A look at local history: Liquor – or the lack thereof – has long story in borough

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In this 1888 photo at the corner of Haddon and Woodlawn avenues, the Half-Way House – built in 1828 and the only tavern in Collingswood – can be seen in the background. In 1873, the town voted to ban the sale of alcohol. The Half-Way House owner, Mahlon Van Booskirk, did not comply and was fined several times later for violating the law. (Courtesy Collingswood Public Library)
In this 1888 photo at the corner of Haddon and Woodlawn avenues, the Half-Way House – built in 1828 and the only tavern in Collingswood – can be seen in the background. In 1873, the town voted to ban the sale of alcohol. The Half-Way House owner, Mahlon Van Booskirk, did not comply and was fined several times later for violating the law. (Courtesy Collingswood Public Library)

In the thriving suburban town of Collingswood, residents and guests can stroll the beautiful tree-lined streets, browse through unique shops and drink their favorite wines at some of the best restaurants in South Jersey. 

However, enjoying an alcoholic beverage with a meal has not always been possible in this quaint town. 

From the days of the first settlers, strong religious feelings were held, ultimately leading to the citizens of the Collingswood section of what was still Haddon Township to vote on excluding liquor in 1873. 

“Prohibition is thought to be related to Collingswood becoming a resort area for people with strong religious beliefs,” said Ginny Brown, Reference Assistant at the Collingswood Library. “Citizens wanted a more wholesome family environment.” 

However, as in most communities, there were those who challenged authority and it is believed a country club and race track both served spirits at the turn of the century, causing them to close their doors.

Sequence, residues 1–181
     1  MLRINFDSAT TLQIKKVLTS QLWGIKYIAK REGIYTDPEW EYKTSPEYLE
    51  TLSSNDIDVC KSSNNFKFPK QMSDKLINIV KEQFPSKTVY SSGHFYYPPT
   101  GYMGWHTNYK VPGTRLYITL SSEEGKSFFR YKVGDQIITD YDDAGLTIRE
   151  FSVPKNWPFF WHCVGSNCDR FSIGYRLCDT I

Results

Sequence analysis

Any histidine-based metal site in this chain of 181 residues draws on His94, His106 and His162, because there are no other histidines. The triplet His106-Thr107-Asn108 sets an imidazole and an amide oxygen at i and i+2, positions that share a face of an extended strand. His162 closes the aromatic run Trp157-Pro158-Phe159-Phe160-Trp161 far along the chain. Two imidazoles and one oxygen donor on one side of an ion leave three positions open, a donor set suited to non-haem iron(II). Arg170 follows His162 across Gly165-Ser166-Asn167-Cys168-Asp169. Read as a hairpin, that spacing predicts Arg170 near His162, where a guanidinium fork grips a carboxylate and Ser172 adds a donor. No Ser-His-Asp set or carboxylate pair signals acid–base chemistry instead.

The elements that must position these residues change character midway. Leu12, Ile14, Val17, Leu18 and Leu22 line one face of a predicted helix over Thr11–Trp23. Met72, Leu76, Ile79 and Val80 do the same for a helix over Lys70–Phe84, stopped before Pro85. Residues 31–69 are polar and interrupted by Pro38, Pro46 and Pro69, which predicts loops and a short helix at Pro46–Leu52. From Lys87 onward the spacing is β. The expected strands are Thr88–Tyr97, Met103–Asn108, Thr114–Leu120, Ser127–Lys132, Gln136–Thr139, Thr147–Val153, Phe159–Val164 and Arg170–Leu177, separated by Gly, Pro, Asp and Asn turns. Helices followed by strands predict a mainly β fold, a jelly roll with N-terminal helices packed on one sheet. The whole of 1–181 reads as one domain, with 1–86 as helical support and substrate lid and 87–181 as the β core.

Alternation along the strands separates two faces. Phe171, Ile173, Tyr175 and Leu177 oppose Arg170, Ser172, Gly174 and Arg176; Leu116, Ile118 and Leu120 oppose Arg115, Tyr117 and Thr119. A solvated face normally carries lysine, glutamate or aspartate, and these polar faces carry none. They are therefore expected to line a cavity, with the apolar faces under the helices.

“Collingswood was not always dry,” Brown explained, adding a tavern was known to exist in the late 1800’s.

More than 200 years later, Collingswood is officially dry no more – although that change occurred only about a decade ago. 

“Alcohol was only permitted in restaurants in the last 10 years or so,” said Bonny Beth Elwell, Library Director for the Camden County Historical Society. 

Diners can now enjoy BYOB (Bring Your Own Bottle) and ordering from wine menus at some of their favorite dinner spots. Rules still apply, though, such as restaurants only permitted to offer wines made in New Jersey. 

And while there is still no liquor store in town, Collingswood is now home to its first brewery. Located in the heart of town on Main Street, Devil’s Creek Brewery opened in 2016. With the capacity to brew 1,000 barrels per year which (as the website says) is “pretty good for a town that’s been dry for over 200 years.” 

The brewery features a 900-square-foot tasting room with a pallet-wood wall featuring a rendition of the Jersey Devil (the brewery’s namesake). The tasting room also includes a 19-foot bar that serves 12 beers on tap ranging in styles and changing with the seasons. This time of year, guests can enjoy ales including Sweet Potato Pie, Cordially Yours Chocolate Cherry Stout and Caramel Apple Brown.

So, next time you’re in Collingswood or you’re looking for a great way to imbibe during the holidays, stop by the brewery (masks are a must) and delight in the tastes of the season. Don’t forget to make holiday dinner reservations at some of the best BYOB restaurants around. Serving up cuisine from around the globe, it won’t be hard to find a perfect pairing with your favorite drink.